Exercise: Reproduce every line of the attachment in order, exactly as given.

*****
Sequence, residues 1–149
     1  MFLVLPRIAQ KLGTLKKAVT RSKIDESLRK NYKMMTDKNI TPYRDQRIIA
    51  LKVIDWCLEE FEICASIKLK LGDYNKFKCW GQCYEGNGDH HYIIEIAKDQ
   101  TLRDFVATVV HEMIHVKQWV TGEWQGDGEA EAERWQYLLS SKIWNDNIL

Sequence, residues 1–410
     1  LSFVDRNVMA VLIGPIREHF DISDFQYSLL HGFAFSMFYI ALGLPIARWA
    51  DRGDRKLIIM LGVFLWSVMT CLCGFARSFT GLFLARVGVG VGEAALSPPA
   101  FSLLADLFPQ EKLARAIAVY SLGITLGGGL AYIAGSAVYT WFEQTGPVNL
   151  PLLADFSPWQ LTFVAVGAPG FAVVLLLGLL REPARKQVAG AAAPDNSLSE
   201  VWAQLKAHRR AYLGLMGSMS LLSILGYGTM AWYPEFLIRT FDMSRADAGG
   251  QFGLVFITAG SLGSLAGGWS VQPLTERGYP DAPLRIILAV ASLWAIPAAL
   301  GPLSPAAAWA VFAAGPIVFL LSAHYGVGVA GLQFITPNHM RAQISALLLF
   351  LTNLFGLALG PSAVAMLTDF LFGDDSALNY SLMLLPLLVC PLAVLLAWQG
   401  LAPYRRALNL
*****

Sequence, residues 1–149
     1  MFLVLPRIAQ KLGTLKKAVT RSKIDESLRK NYKMMTDKNI TPYRDQRIIA
    51  LKVIDWCLEE FEICASIKLK LGDYNKFKCW GQCYEGNGDH HYIIEIAKDQ
   101  TLRDFVATVV HEMIHVKQWV TGEWQGDGEA EAERWQYLLS SKIWNDNIL

Sequence, residues 1–410
     1  LSFVDRNVMA VLIGPIREHF DISDFQYSLL HGFAFSMFYI ALGLPIARWA
    51  DRGDRKLIIM LGVFLWSVMT CLCGFARSFT GLFLARVGVG VGEAALSPPA
   101  FSLLADLFPQ EKLARAIAVY SLGITLGGGL AYIAGSAVYT WFEQTGPVNL
   151  PLLADFSPWQ LTFVAVGAPG FAVVLLLGLL REPARKQVAG AAAPDNSLSE
   201  VWAQLKAHRR AYLGLMGSMS LLSILGYGTM AWYPEFLIRT FDMSRADAGG
   251  QFGLVFITAG SLGSLAGGWS VQPLTERGYP DAPLRIILAV ASLWAIPAAL
   301  GPLSPAAAWA VFAAGPIVFL LSAHYGVGVA GLQFITPNHM RAQISALLLF
   351  LTNLFGLALG PSAVAMLTDF LFGDDSALNY SLMLLPLLVC PLAVLLAWQG
   401  LAPYRRALNL